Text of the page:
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I live in South Texas. Most hospitals require at least 1 year experience to work as CNA/PCT. I heard Nursing homes have high turnover rates due to low pay and intense labor. Any advice?
I live in North Texas. The higher-paying CNA jobs in the region where I live tend to be concentrated in areas such as hospice, home health, and agency. However, keep in mind that you might have to drive from place to place if your job involves visits to peoples' homes and different facilities. In addition, some agencies do not offer benefits in exchange for the much higher pay rate.
Yeah, working as a CNA isn't going to make you any serious cash. At all. CNAs at my hospital start at 9.00/hour.
I think your best bet is to find an agency to work for, or be willing to work nights, weekends, and overtime in a long-term care/nursing home/assisted living facility.
Working as CNA is hard work. You're not going to find many (or any, I'd venture to say) opportunities as a CNA that aren't environments involving "high turnover rates" and "intense labor" - it comes with the job.
Actually, I chose this temporarily for two years while in the RN program I will be starting this Fall. Had to quit my full time job of 13 years with same company in accounting paying ending pay $17.00/hr. Ouch! Yes, it hurts. But, getting accepted in the program was like winning lottery!
I have seen ads placed by individuals for CNAs to do private duty and offering pay at $18 or even $20 an hour. I have assumed that the parties placing these ads are well to do. Ads like this are rare though. Still, I think the best type of job while you are in school would be a home health case. Agencies typically will pay a CNA $9 to $12 an hour for this type of work.
I know CNAs that make LPN money (18-20/hr)
some hospitals will pay $17.00/hr for a cna that has 1 year experience in Acute care)
where I live most CNA's (non float pool) make 11-13.00 base pay BUT! they work nights and rotate weekends so they end up making 14-16 on week days and 15-17 on the weekends
The CNA's that are Floaters where I work make 16/hr and 18-20 on the weekends but they don't have benefits
agencies pay anywhere from 16-20 (depending on the agency)
These are 3 12 shifts a lot of cna's pick up extra shifts on different floors which puts them into overtime so... to say you can't make good money as a cna is a joke.
You really have to be picky when picking a place of employment. I conducted research on the highest paying hospital in my area before I got my CNA and had my RN director at my school write a letter for me. It always helps if you can show the hospital that you are in school to become and RN they seem to take you a little more seriously (in my experience)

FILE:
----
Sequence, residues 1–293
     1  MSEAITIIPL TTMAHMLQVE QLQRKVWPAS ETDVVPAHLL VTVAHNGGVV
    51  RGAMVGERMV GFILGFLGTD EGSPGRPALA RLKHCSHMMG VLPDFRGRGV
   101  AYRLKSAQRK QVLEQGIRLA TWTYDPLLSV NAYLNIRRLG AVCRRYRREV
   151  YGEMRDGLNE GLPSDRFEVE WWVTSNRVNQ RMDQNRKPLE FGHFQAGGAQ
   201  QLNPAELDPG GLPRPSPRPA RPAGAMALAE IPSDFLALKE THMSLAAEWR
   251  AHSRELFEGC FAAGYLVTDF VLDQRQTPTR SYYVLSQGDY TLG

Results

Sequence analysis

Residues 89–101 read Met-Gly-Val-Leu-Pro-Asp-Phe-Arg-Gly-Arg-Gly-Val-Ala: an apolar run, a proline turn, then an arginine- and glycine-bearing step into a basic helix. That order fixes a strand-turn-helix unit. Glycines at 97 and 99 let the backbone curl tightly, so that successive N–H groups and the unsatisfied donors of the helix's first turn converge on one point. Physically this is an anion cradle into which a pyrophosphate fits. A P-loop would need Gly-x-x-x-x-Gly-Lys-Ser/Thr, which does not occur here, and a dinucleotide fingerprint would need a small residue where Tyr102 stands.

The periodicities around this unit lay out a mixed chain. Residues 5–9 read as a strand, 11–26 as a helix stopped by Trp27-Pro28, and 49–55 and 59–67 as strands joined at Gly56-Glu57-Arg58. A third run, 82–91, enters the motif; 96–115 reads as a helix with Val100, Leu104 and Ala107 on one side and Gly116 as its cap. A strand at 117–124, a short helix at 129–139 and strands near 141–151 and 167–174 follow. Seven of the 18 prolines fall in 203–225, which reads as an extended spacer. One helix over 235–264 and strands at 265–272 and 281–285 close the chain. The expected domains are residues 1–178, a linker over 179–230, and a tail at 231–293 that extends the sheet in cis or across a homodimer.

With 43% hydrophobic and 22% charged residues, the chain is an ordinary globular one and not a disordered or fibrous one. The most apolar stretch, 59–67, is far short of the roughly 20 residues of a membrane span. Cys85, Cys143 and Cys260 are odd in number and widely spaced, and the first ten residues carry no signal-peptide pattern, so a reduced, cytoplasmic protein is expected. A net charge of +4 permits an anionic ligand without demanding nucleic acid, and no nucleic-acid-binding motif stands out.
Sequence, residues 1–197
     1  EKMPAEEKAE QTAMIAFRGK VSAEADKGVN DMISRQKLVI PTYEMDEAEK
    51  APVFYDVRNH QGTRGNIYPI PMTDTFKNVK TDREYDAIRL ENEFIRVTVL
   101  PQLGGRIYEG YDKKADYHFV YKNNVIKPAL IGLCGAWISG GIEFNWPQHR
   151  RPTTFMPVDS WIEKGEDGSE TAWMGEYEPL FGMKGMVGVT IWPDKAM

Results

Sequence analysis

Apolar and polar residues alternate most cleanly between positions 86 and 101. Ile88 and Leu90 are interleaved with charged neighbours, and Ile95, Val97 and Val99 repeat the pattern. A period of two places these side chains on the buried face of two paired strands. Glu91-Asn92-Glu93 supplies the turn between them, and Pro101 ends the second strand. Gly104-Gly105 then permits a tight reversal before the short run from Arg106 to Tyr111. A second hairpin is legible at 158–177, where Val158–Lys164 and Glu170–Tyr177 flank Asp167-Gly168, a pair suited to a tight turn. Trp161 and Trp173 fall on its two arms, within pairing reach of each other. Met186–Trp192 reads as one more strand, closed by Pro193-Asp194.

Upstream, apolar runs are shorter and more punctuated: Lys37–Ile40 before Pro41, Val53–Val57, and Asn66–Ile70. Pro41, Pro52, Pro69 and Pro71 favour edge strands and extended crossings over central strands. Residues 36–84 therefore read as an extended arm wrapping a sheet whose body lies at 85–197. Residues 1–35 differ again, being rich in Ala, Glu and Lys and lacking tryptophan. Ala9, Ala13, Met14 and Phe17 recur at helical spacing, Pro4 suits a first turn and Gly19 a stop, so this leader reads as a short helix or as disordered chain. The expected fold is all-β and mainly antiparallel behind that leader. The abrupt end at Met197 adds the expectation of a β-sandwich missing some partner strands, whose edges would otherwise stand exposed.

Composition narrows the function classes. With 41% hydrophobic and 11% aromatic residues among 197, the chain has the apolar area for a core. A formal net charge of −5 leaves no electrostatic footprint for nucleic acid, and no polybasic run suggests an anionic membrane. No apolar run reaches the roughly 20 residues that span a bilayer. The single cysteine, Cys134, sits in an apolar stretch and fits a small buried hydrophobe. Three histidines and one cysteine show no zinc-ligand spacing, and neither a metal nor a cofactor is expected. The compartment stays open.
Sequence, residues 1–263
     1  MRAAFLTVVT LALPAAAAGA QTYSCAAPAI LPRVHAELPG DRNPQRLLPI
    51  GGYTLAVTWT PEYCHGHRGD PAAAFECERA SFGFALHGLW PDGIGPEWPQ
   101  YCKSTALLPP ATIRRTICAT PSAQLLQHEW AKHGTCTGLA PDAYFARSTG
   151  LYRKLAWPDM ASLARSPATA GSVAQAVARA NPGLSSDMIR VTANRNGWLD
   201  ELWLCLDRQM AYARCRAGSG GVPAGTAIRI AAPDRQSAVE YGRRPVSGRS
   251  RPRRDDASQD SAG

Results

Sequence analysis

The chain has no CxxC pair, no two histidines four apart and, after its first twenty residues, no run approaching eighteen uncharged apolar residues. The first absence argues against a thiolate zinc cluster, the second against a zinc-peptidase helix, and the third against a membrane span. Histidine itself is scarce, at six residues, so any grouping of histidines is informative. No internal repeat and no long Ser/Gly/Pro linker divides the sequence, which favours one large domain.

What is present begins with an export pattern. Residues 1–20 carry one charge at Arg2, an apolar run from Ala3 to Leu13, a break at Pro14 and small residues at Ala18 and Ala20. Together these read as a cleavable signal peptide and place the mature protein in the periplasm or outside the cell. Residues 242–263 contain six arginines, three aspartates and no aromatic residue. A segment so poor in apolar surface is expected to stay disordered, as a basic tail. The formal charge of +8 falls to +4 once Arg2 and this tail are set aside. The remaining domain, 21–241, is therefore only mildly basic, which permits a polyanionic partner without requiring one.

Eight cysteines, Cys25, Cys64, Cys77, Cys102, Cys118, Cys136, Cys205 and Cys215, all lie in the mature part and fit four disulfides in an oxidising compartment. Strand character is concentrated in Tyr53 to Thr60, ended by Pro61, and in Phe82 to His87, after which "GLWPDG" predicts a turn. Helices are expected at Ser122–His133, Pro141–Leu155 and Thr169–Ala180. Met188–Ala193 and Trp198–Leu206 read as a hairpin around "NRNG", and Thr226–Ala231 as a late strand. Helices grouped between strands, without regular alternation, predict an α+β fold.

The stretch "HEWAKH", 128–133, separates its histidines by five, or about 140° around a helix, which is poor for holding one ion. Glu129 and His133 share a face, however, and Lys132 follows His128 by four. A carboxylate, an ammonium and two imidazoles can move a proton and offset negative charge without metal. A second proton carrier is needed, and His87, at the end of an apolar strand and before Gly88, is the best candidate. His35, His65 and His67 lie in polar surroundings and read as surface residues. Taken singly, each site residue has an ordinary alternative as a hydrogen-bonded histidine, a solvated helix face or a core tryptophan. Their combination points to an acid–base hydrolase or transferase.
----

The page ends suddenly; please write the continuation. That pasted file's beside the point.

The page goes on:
In 2007 I graduated as a cna with a certificate. I was heavily instructed then not to take anything less then 12.00 an hour. (This is in the state of Oregon where the cost of living is like living in San Francisco, if your in the city; but, not as bad... but pretty close. )
Keep in mind that in 2007, it was expected that the average C.N.A would start out making 12.00 an hour but this is only in skilled nursing facilities and now it's 2016 and C.N.A'so are still making the same...as if inflation had never happened.
It depends on what type of care unit it is. SNF is way different then an Asisted living facility in that the expectations are that the work load is less troublesome then a SNF and that's generally the case. Therefore you get paid less generally in an assisted living facility. Memory care homes not hospitals, are even less of pay out because they don't even require licenses in some states. In my sound opinion, memory care homes are the hardest and least paid.
Now I started working in memory care facilitys which didn't require a license and at that time I didn't have one but instead a certificate. (In 2010, I got my license and i also transfered it to oregon) I was told by the state Board of nursing that the reason why C.N.A's were making only 12.00 was because of the recession. In other words the Healthcare industry capitalised on the ecomical crisis even though their pockets hadn't changed at all and they moat likely realized .....hay were getting away with this because no is unionicing or rallying etc.
You have to keep in mind that in America business is well....business.
In all these years not once did the expectation ever go up for pay increases and the reasoning or what I theorize would be, that the industry knows what it can get away with. They take advantage of the poor and people who want work. Nursing homes are independently owned. They are not like hospitals.
In the past three years, I have seen a lot of foreigners but not a lot of bridges to an education or even housing for that matter.
Creating a life in the u.s.a is a huge challenge by ones self and education is even becoming an impossibility due to the dynamics of the u.s.a
For foreigners it's a pretty open ball park but the business is out to make money. That's why they go for foreigners. For locals you are either accepted by society or the criminalize you and the jail statistics speak for themselves.
Mexican sweet shops in the 1970s were no joke then and the same administrators run that game from that era.
However nursing is nursing and we'll always be. You get what you put into it. If you make it here in the u.s.a as a nurse on your own without parents to pay your way in to med school, your pretty respected and even if you have parents...(I just like to tease)
Back to if cnas make
Yes you can make 18.00 even to 25.00 for agency if you are skilled and have mastered not only yourself but the profession. Agency is agency though some go9d some bad. It's also HARDER WORK FASTER PACE....A LOT FASTER. THE EXPECTATION IS MORE. YOU'LL ALSO HAVE TO TRAVEL VIA HAVE CAR.